TAIPEI - Taiwan President Tsai Ing-wen will travel through Houston and San Francisco during her January visit to allies in Latin America, her office said Friday, a move bound to anger China, which a day earlier urged the U.S. to block any stopover.
Tsai’s office declined to comment on whether she would be meeting members of U.S. President-elect Donald Trump’s team, but the U.S. mission in Taiwan, the American Institute in Taiwan (AIT), said the visit would be “private and unofficial.”
Trump angered China when he spoke to Tsai this month in a break with decades of precedent and cast doubt on his incoming administration’s commitment to Beijing’s “one China” policy.
Latin Americas stopovers
China is deeply suspicious of Tsai, who it thinks wants to push for the formal independence of Taiwan, a self-governing island that Beijing regards as a renegade province, ineligible for state-to-state relations.
The United States, which switched diplomatic recognition from Taiwan to China in 1979, has acknowledged the Chinese position that there is only “one China” and that Taiwan is part of it.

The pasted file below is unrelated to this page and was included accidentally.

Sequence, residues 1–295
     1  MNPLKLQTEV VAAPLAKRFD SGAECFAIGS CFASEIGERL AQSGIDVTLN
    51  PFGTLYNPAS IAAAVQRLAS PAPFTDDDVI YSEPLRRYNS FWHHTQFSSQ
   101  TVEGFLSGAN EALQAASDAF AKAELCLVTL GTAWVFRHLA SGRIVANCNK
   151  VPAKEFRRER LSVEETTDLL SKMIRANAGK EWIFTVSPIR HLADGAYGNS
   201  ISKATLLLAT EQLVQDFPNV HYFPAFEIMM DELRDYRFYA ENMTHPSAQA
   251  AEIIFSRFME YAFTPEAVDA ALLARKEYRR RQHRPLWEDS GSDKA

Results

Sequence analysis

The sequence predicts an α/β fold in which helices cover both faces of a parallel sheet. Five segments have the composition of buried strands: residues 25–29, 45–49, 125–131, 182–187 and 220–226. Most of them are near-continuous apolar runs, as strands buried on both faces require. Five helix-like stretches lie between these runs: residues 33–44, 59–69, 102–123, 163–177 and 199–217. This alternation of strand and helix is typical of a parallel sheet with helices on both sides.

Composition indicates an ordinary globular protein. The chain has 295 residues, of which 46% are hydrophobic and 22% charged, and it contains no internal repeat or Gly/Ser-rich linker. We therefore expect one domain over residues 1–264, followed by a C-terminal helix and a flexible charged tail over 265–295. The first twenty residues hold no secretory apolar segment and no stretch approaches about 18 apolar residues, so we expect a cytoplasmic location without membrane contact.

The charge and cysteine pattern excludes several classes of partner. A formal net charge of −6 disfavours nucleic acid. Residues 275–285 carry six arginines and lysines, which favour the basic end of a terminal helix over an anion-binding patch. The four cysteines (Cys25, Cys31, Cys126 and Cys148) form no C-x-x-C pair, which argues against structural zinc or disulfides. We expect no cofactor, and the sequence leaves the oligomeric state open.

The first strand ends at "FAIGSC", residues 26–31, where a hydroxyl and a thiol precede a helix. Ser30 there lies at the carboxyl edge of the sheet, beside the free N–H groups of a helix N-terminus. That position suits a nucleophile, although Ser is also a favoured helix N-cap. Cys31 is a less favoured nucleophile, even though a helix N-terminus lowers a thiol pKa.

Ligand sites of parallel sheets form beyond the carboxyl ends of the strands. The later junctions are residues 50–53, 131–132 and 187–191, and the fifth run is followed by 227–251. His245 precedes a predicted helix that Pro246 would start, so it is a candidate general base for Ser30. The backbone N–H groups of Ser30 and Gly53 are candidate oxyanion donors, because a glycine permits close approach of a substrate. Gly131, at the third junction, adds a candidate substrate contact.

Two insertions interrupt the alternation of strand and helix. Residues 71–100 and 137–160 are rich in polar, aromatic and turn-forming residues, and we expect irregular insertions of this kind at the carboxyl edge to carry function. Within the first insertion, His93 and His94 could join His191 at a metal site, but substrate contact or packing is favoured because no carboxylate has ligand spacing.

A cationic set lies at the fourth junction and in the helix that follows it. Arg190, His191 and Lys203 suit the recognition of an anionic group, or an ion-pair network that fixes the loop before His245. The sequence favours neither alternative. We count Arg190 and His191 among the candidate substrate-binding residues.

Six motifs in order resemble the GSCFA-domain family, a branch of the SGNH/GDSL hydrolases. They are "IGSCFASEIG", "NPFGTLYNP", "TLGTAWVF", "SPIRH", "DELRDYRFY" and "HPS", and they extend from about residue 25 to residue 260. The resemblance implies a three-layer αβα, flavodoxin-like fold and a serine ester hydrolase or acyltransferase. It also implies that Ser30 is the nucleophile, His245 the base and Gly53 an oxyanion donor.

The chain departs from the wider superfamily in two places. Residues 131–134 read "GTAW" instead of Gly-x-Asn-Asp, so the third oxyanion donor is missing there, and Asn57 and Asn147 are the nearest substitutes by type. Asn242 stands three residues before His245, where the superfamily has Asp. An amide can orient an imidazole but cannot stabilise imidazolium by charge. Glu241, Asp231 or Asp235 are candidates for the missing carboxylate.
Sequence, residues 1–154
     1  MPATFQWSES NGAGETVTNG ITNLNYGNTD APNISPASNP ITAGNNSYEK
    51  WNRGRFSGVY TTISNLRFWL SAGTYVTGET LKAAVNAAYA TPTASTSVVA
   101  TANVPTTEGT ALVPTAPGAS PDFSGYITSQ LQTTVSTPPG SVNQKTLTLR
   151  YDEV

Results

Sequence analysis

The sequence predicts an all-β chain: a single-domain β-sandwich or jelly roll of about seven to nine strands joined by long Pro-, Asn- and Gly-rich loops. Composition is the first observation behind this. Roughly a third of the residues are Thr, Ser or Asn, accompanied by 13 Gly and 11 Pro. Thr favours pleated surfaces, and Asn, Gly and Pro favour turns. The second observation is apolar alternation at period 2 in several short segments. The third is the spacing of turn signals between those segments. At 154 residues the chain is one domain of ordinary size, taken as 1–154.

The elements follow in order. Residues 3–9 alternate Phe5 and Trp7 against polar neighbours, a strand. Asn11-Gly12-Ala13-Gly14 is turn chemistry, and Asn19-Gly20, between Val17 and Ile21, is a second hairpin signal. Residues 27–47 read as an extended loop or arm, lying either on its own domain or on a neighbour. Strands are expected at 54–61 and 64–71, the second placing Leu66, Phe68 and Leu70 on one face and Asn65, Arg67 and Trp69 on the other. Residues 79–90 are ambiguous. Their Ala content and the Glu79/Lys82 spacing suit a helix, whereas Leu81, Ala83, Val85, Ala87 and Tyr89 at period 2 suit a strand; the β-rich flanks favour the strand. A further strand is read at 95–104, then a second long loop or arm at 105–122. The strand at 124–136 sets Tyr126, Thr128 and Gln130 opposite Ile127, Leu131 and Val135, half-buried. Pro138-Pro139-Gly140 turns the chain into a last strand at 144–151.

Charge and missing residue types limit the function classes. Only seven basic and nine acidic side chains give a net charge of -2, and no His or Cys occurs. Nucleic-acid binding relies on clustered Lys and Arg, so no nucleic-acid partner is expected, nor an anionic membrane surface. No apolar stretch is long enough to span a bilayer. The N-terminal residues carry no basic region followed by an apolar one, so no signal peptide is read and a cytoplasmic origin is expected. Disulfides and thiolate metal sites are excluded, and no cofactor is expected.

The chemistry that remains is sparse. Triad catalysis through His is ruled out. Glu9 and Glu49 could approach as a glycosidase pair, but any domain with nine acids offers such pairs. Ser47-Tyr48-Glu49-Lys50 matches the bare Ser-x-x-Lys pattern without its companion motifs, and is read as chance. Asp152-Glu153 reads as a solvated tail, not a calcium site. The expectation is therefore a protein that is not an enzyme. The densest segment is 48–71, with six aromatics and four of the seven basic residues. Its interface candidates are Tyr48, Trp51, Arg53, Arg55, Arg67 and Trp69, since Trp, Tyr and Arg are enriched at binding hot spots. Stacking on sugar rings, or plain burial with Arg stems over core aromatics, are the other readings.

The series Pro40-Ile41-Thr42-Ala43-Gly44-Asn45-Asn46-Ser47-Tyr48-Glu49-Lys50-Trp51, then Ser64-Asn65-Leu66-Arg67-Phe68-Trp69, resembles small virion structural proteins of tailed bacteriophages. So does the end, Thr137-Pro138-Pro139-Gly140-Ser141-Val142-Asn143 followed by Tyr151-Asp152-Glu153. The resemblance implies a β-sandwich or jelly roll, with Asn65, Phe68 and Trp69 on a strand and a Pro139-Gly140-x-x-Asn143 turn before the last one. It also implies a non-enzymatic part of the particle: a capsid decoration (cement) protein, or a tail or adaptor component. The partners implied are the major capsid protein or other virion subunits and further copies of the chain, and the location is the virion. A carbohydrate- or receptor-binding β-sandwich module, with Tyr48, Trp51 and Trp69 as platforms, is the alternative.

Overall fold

Tsai is traveling through the United States on her way to and from visiting Honduras, Nicaragua, Guatemala and El Salvador in that order. She will leave Taiwan January 7 and return January 15.
Tsai will arrive in Houston January 7 and leave the following day. On her return, she will arrive in San Francisco January 13, Presidential Office spokesman Alex Huang told a regular news briefing.
'One China' policy intact
The AIT said the travel plans did not contradict the “one China” policy.
“President Tsai’s transit through the United States is based on long-standing U.S. practice and is consistent with the unofficial nature of our relations with Taiwan,” Alys Spensley, acting AIT spokeswoman, told Reuters.
“There is no change to the U.S. ‘one China’ policy,” she added.
China has claimed sovereignty over Taiwan since 1949, when Mao Zedong’s Communist forces won the Chinese civil war and Chiang Kai-shek’s Nationalists fled to the island.
Taiwan had as many as 30 diplomatic allies in the mid-1990s, but now has formal relations with just 21, mostly smaller and poorer nations in Latin America and the Pacific and including the Vatican.